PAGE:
- Why do you think that these behaviours are ultimately dangerous to our health?
- Why do you think that people develop this personality type?
Another form of episodic acute stress comes from ceaseless worry. Pessimists often see disaster around every corner and forecast catastrophe in every situation. The world is a dangerous, unrewarding, punitive place where something awful is always about to happen. This perception of the world leads to hyperarousal that is characteristic of episodic stress.
The symptoms of episodic acute stress are the symptoms of extended over arousal: persistent tension headaches, migraines, hypertension, chest pain, and heart disease.
Treating episodic acute stress requires intervention on a number of levels, generally requiring professional help, which may take many months. Often, lifestyle and personality issues are so ingrained and habitual that they see nothing wrong with the way they conduct their lives. They also tend to attribute their stress to other people and external events. Frequently, they see their lifestyle, their patterns of interacting with others, and their ways of perceiving the world as who and what they are. They also often feel that this is the way that "the world works" and how they are supposed to be in order to be successful. There is a strong argument that cultural norms may actually encourage these behaviours in some people. Often people who experience episodic acute stress resist treatment until a health problem forces them to confront reality.
Chronic stress is the stress that wears people away day after day, year after year. Chronic stress has a serious effect on our health - both physically and psychologically. It also takes its toll on relationships. Chronic stress very often is a response to something that an individual cannot change in his/her life. Chronic stressors include poverty, dysfunctional families, domestic violence, chronic illness, institutionalized discrimination and war/conflict. As a result, the problem-focused coping strategies that are often used in acute stress situations - that is, moving away from a stressor or changing the nature of the stressor - is not possible. A person suffering from chronic stress often feels a sense of hopelessness and despair.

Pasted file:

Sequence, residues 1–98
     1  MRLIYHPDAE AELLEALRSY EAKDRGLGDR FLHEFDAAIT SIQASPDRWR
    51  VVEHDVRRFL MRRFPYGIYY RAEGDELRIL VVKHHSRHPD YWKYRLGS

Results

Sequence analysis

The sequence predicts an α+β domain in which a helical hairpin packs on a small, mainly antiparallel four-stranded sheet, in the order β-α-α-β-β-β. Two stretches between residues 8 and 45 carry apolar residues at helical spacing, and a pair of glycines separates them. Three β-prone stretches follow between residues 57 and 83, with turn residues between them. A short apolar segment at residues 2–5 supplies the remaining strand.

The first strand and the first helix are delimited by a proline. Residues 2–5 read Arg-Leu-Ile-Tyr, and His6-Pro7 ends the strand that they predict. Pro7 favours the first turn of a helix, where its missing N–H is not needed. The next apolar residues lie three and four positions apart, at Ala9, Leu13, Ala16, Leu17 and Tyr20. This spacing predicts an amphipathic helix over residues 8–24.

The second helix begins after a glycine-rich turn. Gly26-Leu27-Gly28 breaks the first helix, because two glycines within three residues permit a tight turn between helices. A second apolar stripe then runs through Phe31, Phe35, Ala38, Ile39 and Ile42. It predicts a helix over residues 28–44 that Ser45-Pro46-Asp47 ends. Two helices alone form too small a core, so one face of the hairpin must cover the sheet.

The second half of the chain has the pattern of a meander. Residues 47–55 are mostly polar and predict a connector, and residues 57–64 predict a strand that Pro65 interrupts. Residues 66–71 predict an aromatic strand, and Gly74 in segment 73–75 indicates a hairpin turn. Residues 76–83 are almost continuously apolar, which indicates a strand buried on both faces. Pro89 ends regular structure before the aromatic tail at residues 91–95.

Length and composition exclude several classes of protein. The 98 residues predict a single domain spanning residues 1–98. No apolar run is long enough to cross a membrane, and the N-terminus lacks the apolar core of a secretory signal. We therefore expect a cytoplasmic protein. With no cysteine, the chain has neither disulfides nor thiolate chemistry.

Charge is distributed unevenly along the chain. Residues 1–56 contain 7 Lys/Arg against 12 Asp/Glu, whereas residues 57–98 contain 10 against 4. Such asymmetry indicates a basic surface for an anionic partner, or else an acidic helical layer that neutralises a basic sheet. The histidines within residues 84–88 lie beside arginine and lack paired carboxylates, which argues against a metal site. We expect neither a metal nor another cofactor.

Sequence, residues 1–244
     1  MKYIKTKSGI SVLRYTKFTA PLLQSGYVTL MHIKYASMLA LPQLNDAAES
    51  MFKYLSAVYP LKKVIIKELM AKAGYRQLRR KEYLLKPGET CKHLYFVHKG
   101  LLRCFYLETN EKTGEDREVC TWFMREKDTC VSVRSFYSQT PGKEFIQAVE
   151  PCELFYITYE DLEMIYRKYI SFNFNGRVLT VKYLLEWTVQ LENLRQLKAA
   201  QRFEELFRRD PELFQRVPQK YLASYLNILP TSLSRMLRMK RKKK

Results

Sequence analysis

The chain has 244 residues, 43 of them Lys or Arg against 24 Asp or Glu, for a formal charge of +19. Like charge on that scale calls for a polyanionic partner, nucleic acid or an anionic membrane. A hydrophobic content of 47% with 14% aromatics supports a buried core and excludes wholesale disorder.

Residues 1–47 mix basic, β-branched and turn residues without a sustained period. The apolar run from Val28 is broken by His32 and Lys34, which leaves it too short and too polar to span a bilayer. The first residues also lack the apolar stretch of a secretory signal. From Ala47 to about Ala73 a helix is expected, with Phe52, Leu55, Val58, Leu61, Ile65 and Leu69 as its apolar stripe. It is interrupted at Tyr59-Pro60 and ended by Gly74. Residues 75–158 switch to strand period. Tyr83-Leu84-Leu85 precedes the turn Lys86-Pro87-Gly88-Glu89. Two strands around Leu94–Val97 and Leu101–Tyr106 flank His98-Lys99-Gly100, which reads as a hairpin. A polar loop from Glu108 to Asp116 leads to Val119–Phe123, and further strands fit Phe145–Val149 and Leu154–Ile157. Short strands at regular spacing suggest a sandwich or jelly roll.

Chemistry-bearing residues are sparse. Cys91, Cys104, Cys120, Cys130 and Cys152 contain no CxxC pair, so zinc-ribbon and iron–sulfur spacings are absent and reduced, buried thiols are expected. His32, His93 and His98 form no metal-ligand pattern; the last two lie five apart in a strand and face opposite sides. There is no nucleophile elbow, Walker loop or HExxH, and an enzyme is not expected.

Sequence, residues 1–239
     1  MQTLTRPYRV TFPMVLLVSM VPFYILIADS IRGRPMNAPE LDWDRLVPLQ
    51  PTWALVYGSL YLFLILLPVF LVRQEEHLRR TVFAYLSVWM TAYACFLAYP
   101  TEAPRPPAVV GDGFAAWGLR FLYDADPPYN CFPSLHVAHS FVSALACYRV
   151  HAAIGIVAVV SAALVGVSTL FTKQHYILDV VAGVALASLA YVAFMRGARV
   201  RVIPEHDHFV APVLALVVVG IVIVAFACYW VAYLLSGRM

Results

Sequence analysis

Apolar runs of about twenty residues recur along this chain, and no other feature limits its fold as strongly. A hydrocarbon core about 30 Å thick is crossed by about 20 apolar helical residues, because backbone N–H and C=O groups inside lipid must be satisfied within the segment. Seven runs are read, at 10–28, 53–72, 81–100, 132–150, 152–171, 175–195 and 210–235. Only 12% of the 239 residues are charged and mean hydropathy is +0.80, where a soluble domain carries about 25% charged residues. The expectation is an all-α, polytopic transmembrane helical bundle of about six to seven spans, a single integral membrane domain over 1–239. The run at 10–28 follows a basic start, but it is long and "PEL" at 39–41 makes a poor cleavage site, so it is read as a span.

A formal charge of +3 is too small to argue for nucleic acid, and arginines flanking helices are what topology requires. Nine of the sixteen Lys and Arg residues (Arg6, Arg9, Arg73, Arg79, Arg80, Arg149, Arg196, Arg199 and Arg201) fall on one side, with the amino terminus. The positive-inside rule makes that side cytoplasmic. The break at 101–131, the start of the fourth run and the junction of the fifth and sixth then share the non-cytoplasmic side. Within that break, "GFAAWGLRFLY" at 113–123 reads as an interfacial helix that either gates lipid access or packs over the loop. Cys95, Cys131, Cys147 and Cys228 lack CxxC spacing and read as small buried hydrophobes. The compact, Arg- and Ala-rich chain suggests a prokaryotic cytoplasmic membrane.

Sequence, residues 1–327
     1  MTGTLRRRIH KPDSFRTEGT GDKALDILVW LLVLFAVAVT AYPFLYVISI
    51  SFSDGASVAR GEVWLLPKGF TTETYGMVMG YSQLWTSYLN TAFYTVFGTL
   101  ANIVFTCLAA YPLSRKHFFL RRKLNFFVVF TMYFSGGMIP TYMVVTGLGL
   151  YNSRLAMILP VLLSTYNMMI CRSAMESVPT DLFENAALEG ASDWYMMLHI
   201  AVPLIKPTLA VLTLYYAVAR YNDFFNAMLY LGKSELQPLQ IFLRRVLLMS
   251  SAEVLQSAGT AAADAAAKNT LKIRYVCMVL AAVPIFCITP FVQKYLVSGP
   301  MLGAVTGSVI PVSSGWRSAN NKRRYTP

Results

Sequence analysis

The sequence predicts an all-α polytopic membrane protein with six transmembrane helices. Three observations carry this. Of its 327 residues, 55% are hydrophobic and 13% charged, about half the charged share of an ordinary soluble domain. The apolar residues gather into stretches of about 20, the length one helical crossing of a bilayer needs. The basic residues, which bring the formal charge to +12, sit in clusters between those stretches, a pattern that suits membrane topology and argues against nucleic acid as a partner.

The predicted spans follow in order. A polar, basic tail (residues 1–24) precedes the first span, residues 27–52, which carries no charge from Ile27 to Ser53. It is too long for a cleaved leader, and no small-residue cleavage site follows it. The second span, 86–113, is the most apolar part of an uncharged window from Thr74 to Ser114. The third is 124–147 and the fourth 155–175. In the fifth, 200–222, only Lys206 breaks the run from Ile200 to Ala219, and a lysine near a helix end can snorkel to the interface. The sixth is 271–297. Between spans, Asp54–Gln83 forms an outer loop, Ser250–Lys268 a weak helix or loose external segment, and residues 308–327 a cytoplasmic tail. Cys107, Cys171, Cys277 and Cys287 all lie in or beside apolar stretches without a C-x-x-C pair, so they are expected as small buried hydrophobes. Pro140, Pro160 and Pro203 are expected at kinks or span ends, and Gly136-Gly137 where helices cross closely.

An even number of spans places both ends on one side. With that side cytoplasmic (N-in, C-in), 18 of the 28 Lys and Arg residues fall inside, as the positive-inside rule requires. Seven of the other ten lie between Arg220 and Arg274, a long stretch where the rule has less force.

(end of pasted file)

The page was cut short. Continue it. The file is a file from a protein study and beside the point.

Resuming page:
Some chronic stresses stem from traumatic, early childhood experiences that become internalized and remain forever painful. Some experiences profoundly affect personality. A view of the world is created that causes unending stress for the individual.
Chronic stress kills through suicide, violence, heart attack, stroke, and, perhaps, even cancer. It also has a negative effect on memory and attention. The symptoms of chronic stress are difficult to treat and may require extended medical as well as behavioral treatment and stress management.
ATL: Thinking critically
Is it possible that there are also some good sides to stress?
There is also something that is called eustress. This term was first used by Hans Selye. He differentiated between distress - that is, negative stress - and eustress, which is the positive response to stress that makes one feel a sense of pride and accomplishment. Eustress is not about the stressor, but about how one perceives stress. The following Ted Talks with Kelly McGonical looks at how stress can actually be a positive factor in one's life.
What do you think about McGonical's argument? Do you think that the research that she describes is strong evidence that stress is not bad for you? Why or why not?
What are two stressors that you have encountered in the past year?
How did you react to each of these events, physiologically and psychologically?
Why did you think that you experienced these events as stressful?
How did you deal with the stressors? Did it work?